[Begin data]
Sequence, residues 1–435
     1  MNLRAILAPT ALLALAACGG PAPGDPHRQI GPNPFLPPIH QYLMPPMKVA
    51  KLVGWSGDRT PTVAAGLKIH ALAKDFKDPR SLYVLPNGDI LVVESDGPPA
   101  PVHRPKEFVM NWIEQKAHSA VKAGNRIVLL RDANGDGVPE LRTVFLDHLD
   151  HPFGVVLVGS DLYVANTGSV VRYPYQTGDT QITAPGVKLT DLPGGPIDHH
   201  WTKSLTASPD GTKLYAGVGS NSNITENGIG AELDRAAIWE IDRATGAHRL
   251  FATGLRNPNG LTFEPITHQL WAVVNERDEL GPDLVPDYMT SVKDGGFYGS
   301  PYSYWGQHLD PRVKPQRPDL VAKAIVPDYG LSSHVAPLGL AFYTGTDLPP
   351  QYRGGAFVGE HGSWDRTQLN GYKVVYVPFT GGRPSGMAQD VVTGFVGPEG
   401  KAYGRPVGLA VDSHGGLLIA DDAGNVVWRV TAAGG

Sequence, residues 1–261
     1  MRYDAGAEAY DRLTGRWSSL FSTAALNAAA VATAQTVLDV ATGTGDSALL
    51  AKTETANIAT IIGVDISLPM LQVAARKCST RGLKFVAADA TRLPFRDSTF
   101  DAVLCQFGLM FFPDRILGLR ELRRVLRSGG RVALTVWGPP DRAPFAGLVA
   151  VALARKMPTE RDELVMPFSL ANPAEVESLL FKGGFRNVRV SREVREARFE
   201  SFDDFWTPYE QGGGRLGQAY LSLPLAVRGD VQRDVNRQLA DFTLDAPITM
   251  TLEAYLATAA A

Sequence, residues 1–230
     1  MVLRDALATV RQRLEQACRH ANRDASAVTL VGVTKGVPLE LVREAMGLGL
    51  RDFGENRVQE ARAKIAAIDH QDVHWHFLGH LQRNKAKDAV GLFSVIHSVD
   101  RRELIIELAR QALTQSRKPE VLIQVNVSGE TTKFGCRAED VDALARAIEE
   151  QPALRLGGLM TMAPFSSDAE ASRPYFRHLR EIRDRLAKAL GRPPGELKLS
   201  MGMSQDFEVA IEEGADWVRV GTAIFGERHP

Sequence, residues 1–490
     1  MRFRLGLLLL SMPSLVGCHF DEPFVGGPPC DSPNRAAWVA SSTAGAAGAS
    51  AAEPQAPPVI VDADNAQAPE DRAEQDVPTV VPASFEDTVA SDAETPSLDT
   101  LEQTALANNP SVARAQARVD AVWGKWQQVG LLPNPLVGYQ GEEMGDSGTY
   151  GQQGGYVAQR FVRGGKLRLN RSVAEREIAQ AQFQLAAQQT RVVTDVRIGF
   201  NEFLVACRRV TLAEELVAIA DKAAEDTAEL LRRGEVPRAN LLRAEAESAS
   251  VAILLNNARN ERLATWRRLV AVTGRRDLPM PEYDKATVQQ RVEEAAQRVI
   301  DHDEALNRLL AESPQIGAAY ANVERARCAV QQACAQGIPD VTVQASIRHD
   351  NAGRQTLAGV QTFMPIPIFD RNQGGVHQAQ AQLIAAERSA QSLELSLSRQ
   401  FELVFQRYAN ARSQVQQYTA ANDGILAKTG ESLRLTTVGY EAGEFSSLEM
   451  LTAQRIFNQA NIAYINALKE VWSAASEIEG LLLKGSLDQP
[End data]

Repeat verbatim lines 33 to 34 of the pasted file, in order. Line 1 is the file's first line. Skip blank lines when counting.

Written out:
   401  FELVFQRYAN ARSQVQQYTA ANDGILAKTG ESLRLTTVGY EAGEFSSLEM
   451  LTAQRIFNQA NIAYINALKE VWSAASEIEG LLLKGSLDQP